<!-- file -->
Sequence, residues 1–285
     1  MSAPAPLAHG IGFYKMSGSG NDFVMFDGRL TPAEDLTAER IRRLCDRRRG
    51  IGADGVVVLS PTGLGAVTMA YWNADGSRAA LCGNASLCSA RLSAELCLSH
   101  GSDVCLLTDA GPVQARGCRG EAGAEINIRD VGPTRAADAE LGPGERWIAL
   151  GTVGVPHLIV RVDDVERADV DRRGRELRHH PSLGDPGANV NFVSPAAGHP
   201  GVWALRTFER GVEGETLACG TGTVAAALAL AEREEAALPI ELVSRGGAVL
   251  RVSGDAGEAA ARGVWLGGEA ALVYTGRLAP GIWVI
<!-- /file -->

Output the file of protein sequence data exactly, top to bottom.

Sequence, residues 1–285
     1  MSAPAPLAHG IGFYKMSGSG NDFVMFDGRL TPAEDLTAER IRRLCDRRRG
    51  IGADGVVVLS PTGLGAVTMA YWNADGSRAA LCGNASLCSA RLSAELCLSH
   101  GSDVCLLTDA GPVQARGCRG EAGAEINIRD VGPTRAADAE LGPGERWIAL
   151  GTVGVPHLIV RVDDVERADV DRRGRELRHH PSLGDPGANV NFVSPAAGHP
   201  GVWALRTFER GVEGETLACG TGTVAAALAL AEREEAALPI ELVSRGGAVL
   251  RVSGDAGEAA ARGVWLGGEA ALVYTGRLAP GIWVI